Every survivalist fiction book has to balance putting out some meaningful lessons through the story with the risk of turning into a disjointed half nonfiction ‘how to’ book. In the worst of these I have seen several pages of various military survival manuals and or standard ‘100 items to survive’ or ‘food storage guidelines’ stuff put in word for word. This book did a good job of straddling the line by giving some good core points yet not letting it detract from the book or break up the story.

The Bad

There was cheesy use of words like ‘gunfighter’ and ‘military contractor’ to describe members of ‘the team.’ I found it a bit cheesy and tacticool. Maybe it is me being a military guy and being long over those sort of things but it just irked me.

The break between books one and two was pretty artificial. It is almost like the author was writing one big book and said ‘We’ll split it at page 350’ with little thought to a logical breaking point. As such a person would get a weird impression if they only read book one not like a cliff hanger per se but of the book just ending.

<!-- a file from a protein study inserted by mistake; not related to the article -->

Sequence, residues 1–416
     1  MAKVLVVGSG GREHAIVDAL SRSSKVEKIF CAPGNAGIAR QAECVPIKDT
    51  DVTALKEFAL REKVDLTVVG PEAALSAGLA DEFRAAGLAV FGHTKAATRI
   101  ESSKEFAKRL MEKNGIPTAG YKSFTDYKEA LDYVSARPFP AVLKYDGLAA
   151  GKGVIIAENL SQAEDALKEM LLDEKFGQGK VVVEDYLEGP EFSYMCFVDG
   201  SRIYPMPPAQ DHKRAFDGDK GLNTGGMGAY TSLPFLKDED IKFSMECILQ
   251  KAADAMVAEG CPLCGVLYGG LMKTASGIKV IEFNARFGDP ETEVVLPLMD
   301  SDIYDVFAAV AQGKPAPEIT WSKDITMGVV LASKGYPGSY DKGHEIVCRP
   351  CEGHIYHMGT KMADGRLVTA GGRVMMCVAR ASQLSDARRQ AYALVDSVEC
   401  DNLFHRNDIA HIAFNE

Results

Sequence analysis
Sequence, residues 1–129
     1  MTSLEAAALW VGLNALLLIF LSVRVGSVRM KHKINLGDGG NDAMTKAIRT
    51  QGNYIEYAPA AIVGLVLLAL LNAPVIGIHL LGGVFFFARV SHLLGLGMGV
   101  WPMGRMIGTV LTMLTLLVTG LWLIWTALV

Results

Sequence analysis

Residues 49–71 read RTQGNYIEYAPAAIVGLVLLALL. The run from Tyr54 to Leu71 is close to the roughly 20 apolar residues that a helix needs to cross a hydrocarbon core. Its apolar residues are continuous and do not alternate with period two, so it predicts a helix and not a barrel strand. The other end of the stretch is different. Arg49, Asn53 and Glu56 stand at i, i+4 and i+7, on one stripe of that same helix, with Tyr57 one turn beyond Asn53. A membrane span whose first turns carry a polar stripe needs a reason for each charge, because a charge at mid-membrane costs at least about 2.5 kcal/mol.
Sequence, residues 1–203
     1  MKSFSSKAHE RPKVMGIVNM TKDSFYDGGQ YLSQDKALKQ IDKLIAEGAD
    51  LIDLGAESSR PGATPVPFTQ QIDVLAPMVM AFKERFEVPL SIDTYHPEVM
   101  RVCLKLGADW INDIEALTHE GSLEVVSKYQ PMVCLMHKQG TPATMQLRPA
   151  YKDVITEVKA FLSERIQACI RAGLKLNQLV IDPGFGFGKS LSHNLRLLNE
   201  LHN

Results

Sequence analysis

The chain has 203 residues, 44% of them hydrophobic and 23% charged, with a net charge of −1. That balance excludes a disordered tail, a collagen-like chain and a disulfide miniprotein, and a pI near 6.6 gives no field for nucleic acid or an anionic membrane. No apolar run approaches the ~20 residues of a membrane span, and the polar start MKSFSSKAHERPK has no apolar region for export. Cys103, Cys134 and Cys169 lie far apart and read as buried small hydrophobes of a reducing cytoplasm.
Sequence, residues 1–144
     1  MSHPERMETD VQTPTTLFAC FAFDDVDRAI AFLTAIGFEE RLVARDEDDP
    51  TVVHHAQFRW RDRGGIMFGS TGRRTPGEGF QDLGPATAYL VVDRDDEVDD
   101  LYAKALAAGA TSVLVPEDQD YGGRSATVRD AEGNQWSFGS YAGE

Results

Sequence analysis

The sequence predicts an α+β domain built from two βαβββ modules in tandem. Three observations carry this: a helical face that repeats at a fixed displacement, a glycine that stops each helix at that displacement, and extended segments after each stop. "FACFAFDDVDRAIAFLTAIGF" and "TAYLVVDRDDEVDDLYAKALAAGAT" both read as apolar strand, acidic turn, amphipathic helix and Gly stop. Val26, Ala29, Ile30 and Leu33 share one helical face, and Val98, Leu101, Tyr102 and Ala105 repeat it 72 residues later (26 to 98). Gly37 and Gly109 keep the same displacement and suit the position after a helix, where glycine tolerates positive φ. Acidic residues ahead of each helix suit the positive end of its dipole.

Every character in the book seemed far more worried about other people’s feelings than I think folks are in real life.

It concerns me a bit that the impression was given that somehow a bunch of guys who don't know what they are doing going out to the range and shooting a bunch somehow means they are trained. They referenced getting a bit of help from 'Special Forces Ted' but unless it was pretty organized I am uncomfortable saying that replaces quality training by someone like Max Velocity or another organized type class.

Coming back to the preps the characters in the book had made. I hesitate to critique this too hard because Glen Tate the author did what I think was an accurate and honest portrayal of many prepared folks. That being said there were some significant holes in their plans.